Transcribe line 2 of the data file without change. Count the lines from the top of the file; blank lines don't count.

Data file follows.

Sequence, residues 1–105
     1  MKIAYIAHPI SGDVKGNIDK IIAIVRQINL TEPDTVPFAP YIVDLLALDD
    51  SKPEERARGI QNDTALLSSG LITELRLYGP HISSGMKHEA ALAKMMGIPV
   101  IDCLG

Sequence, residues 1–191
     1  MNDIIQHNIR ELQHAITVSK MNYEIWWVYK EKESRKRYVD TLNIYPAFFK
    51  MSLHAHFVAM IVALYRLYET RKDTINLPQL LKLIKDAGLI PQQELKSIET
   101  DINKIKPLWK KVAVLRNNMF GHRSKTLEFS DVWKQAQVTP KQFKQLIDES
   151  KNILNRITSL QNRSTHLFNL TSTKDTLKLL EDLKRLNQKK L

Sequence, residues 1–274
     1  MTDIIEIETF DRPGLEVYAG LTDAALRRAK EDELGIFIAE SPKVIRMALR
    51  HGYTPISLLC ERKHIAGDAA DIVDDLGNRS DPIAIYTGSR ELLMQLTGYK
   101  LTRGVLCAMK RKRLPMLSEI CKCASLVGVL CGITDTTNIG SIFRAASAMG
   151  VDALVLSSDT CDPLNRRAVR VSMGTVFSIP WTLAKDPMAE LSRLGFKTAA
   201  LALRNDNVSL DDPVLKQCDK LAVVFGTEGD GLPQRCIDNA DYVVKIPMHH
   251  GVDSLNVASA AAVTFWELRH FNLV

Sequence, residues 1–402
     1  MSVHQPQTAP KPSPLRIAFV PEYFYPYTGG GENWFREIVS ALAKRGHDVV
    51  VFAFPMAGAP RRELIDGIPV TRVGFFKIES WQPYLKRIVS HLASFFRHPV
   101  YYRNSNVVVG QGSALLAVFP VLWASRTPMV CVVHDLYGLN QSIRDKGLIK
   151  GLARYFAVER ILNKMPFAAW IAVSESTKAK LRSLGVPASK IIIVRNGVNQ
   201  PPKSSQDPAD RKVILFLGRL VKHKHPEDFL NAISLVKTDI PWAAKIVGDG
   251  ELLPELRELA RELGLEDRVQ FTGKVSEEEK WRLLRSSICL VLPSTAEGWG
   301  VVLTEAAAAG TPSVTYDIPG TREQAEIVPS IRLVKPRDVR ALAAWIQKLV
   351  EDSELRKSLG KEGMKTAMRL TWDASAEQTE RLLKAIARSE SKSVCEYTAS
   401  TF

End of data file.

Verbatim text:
     1  MKIAYIAHPI SGDVKGNIDK IIAIVRQINL TEPDTVPFAP YIVDLLALDD